Thus (1) and (2) above become (2) only. The plan is “to continue the existing entity.” No company or country continues unless one continues to put it there. Thus an administrative system of some sort, no matter how crude, is necessary to perpetuate any group or any subdivision of a group. Even a king or headman or manager who has no other supporting system to whom one can bring disputes about land or water or pay is an administrative system. The foreman of a labor gang that only loads trucks has an astonishingly complex administrative system at work. 

Companies and countries do not work just because they are there or because they are traditional. They are continuously put there by one or another form of administration. 

When a whole system of administration moves out or gets lost or forgotten, collapse occurs unless a new or substitute system is at once moved into place. 

Changing the head of a department, much less a general manager and much, much less a ruler, can destroy a portion or the whole since the old system, unknown, disregarded or forgotten, may cease and no new system which is understood is put in its place. Frequent transfers within a company or country can keep the entire group small, disordered and confused, since such transfers destroy what little administration there might have been. 

Thus, if administrative shifts or errors or lack can collapse any type of group, it is vital to know the basic subject of organization. 

Even if the group is at effect—which is to say originates nothing but only defends in the face of threatened disaster—it still must plan. And if it plans, somehow it must get the plan executed or done. Even a simple situation of an attacked fortress has to be defended by planning and doing the plan, no matter how crude. The order “Repel the invader who is storming the south wall” is the result of observation and planning no matter how brief or unthorough. Getting the south wall defended occurs by some system of administration even if it only consists of sergeants hearing the order and pushing their men to the south wall. 

A company with heavy debts has to plan even if it is just to stall off creditors. And some administrative system has to exist even to do only that. 

The terrible dismay of a young leader who plans a great and powerful new era only to find himself dealing with old and weak faults is attributable not to his “foolish ambition” or “lack of reality” but to his lack of organizational know-how.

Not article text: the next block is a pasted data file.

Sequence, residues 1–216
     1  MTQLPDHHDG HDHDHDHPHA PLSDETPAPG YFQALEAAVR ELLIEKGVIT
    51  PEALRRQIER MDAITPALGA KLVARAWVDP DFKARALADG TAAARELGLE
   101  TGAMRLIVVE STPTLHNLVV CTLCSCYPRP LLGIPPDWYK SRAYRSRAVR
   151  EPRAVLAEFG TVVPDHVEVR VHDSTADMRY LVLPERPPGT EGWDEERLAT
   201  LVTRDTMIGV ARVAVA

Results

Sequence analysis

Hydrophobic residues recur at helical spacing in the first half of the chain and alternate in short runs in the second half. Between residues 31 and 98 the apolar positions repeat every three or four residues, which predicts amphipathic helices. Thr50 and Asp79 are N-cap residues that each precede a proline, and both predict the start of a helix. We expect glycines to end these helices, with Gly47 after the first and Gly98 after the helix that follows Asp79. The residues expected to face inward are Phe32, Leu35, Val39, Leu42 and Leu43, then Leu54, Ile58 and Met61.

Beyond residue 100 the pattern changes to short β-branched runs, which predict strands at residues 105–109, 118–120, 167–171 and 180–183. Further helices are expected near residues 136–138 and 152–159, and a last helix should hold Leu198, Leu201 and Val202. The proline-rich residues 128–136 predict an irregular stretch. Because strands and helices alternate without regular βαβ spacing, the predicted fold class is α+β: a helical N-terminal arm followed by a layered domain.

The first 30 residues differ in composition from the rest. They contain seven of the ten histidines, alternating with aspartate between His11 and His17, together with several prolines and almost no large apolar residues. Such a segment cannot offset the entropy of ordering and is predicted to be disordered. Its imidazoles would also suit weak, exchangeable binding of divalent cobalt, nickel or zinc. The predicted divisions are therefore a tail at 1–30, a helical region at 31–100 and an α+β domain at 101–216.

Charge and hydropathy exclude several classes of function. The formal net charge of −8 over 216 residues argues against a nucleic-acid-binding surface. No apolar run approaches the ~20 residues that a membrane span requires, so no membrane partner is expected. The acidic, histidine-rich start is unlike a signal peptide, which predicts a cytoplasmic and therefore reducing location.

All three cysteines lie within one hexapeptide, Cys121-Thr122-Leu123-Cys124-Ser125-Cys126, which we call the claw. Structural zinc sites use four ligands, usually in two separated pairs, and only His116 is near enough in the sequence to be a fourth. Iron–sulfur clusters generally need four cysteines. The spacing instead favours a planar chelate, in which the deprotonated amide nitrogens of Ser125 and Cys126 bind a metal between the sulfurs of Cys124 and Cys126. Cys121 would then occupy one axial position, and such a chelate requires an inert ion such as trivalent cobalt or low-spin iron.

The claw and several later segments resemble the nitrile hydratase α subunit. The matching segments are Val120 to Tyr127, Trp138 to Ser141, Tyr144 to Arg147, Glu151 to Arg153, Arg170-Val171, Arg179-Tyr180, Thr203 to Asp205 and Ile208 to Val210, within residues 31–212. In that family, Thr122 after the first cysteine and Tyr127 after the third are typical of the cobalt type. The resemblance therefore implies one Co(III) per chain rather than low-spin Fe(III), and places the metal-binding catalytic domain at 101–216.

Even elected presidents or prime ministers of democracies are victims of such terrible dismay. They do not, as is routinely asserted, “go back on their campaign promises” or “betray the people.” They, as well as their members of parliament, simply lack the rudiments (fundamentals) of organizational know-how. They cannot put their campaign promises into effect, not because they are too high-flown (sounding grand or important) but because they are politicians, not administrators. 

To some men it seems enough to dream a wonderful dream. Just because they dreamed it they feel it should now take place. They become very provoked when it does not occur. 

Whole nations, to say nothing of commercial firms or societies or groups, have spent decades in floundering turmoil because the basic dreams and plans were never brought to fruition (successful completion). 

Whether one is planning for the affluence of the Appalachian Mountains or a new loading shed closer to the highway, the gap between the plan and the actuality will be found to be lack of administrative know-how. 

Technical ignorance, finance, even lack of authority and unreal planning itself are none of them true barriers between planning and actuality. 

an administrative system in which the need or inclination to follow complex procedures impedes effective action.

the worth, advantage or beneficial quality of something.

large groups or crowds.

a person who remains in a place or attaches himself or herself to a group, another person, etc., especially in the hope or expectation of personal gain.

any small, miserable dwelling; hut.

any plan for national economic or industrial development specifying goals to be reached within a period of five years.

in general favor or acceptance; popular.

attacking or capturing a place, especially a well-defended one, suddenly and with great force.

persons or companies to whom money is owed.

to change one’s mind about something one has agreed or promised to do.

the national lawmaking body of Great Britain and several other countries. Parliaments are made up of elected and sometimes nonelected representatives.

angry or exasperated.

a mountain system of eastern North America, nearly parallel with the Atlantic coast, and extending from northern Alabama to the province of Quebec in Canada.